The Kresge Foundation Equitable Guidelines for Opportunity Zone Investment
The Opportunity Zones (OZ) program, created by the federal Opportunity Act as a part of the 2017 U.S. Internal Revenue Code - Tax Act, delegates to the U.S. Treasury the authority to set requirements for investment under the act’s tax credit system. An Opportunity Zone as defined by the Opportunity Act is a population census tract that is a low-income community, that is then designated as a qualified opportunity zone. The Kresge Foundation, seeing that Treasury requirements were first delayed and ultimately bare, set out to create its own set of guidelines. Kresge provides capitalization to projects in OZs to attract investment, and through covenants with its partners attempts to ensure that such investments are based in a framework of equity. Within a specific OZ, these covenants include stringent reporting requirements, the creation of a community advisory board explicitly containing members of the OZ’s community, and active promotion of OZ programs to OZ residents. Additionally, Kresge set out minimum standards for both real estate and business investments. Covenants for real estate investments include specifics such as: adopting an “anti-displacement” strategy for all housing investments, shifting focus to projects that create jobs for low-income communities, and mandating that at least 50% of all multifamily housing investments serve residents with incomes under 120% of the OZ’s average median income. For business investments, covenants include requirements that at least 50% of investments create living-wage jobs, and prohibitions on investments in industries that could be harmful to disadvantaged communities (e.g. oil, mining, firearms).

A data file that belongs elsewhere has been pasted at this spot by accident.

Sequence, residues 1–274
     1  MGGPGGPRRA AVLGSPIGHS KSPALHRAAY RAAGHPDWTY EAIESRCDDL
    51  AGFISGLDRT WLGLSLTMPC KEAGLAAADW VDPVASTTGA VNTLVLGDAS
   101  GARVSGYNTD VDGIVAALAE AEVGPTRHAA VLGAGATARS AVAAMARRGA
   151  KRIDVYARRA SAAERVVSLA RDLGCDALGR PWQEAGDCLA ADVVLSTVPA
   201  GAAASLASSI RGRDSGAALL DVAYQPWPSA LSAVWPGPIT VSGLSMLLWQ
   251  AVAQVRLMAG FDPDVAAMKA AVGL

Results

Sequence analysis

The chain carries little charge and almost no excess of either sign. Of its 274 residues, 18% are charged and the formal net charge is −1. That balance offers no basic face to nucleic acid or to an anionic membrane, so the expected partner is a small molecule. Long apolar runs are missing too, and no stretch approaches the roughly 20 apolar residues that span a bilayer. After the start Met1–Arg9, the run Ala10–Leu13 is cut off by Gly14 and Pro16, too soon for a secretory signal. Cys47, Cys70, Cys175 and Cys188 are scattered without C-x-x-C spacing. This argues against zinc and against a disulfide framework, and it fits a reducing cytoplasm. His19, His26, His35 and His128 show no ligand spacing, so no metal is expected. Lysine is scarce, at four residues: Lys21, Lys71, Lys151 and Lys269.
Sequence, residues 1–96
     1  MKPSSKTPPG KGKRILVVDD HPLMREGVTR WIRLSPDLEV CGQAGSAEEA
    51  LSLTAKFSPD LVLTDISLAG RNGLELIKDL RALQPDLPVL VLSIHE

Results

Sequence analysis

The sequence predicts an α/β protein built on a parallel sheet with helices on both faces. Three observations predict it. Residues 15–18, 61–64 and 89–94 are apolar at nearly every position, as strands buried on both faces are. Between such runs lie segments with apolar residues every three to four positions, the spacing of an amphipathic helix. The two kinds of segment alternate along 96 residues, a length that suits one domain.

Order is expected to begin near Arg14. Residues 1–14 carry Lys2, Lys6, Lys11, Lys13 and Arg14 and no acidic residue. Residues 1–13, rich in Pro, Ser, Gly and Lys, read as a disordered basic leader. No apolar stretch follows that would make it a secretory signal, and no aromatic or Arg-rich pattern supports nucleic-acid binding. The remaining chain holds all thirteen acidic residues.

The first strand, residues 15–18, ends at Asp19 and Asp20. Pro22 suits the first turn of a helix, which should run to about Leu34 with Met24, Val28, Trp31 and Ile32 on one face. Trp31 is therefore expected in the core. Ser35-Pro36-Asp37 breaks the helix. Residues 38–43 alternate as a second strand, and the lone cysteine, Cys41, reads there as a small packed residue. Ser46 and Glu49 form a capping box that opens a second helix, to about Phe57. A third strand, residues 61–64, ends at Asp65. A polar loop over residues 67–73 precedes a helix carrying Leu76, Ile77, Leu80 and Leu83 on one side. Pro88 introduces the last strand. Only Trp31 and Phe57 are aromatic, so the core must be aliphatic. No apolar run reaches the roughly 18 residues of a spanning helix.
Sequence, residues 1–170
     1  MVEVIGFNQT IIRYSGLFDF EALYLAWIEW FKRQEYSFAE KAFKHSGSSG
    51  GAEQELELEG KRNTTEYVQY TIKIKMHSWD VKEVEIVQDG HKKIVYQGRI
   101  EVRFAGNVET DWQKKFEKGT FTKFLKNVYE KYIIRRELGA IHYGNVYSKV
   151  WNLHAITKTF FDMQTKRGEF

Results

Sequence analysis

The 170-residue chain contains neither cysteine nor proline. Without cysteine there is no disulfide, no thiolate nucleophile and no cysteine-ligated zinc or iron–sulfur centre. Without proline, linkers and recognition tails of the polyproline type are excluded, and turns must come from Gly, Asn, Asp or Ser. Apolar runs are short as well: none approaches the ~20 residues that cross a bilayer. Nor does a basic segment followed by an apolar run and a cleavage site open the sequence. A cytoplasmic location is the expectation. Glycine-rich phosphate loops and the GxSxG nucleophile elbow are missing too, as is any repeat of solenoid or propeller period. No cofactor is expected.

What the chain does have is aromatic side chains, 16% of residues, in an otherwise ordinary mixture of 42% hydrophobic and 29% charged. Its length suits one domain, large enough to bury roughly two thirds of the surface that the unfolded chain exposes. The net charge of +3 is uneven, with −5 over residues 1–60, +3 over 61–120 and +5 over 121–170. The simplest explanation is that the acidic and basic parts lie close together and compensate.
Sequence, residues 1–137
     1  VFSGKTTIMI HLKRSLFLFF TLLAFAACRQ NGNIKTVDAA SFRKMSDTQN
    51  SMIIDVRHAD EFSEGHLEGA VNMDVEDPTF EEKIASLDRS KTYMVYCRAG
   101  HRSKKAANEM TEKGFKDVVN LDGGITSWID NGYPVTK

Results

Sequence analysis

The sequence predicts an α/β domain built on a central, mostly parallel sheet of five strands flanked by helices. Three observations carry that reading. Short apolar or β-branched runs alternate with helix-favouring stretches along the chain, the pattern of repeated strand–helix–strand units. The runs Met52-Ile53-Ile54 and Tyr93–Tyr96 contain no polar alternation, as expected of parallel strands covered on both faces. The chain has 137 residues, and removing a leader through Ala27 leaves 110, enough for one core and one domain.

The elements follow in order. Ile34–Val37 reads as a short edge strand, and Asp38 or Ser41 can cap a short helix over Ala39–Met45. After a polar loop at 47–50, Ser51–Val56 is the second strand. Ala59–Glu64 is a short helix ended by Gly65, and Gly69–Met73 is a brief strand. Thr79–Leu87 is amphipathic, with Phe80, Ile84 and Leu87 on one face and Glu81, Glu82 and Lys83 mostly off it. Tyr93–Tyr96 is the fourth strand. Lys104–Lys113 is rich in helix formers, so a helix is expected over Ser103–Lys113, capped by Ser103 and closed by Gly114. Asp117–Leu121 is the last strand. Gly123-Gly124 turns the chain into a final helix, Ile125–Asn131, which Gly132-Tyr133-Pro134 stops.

In March 2019, Kresge committed $22 million to partner firms looking to generate $800 million in investments in two different OZs. The backbone for the investment covenants came from Kresge’s development and the work of the Opportunity Zones Reporting Framework (OZF). Kresge’s agreements with its partners serve as a sample execution of the framework in real investment scenarios. While there is mention of LEED certification, neither Kresge nor the OZF centered their guidelines on the confluence of equity and adaptation. However, the covenants do require that investors report to city and state governments, in an effort to enhance the utility of the investments by better serving local needs. In an adaptation context, the closer relationship between investors and government could help direct funding to regional environmental concerns, as local officials direct investment partners towards community needs. A green platform can become a part of investor covenants much in the same way as minimum net job creation standards and housing affordability requirements, ultimately leading to a program with adaptive goals while maintaining the focus on equity and community engagement.
Publication Date: March 2019
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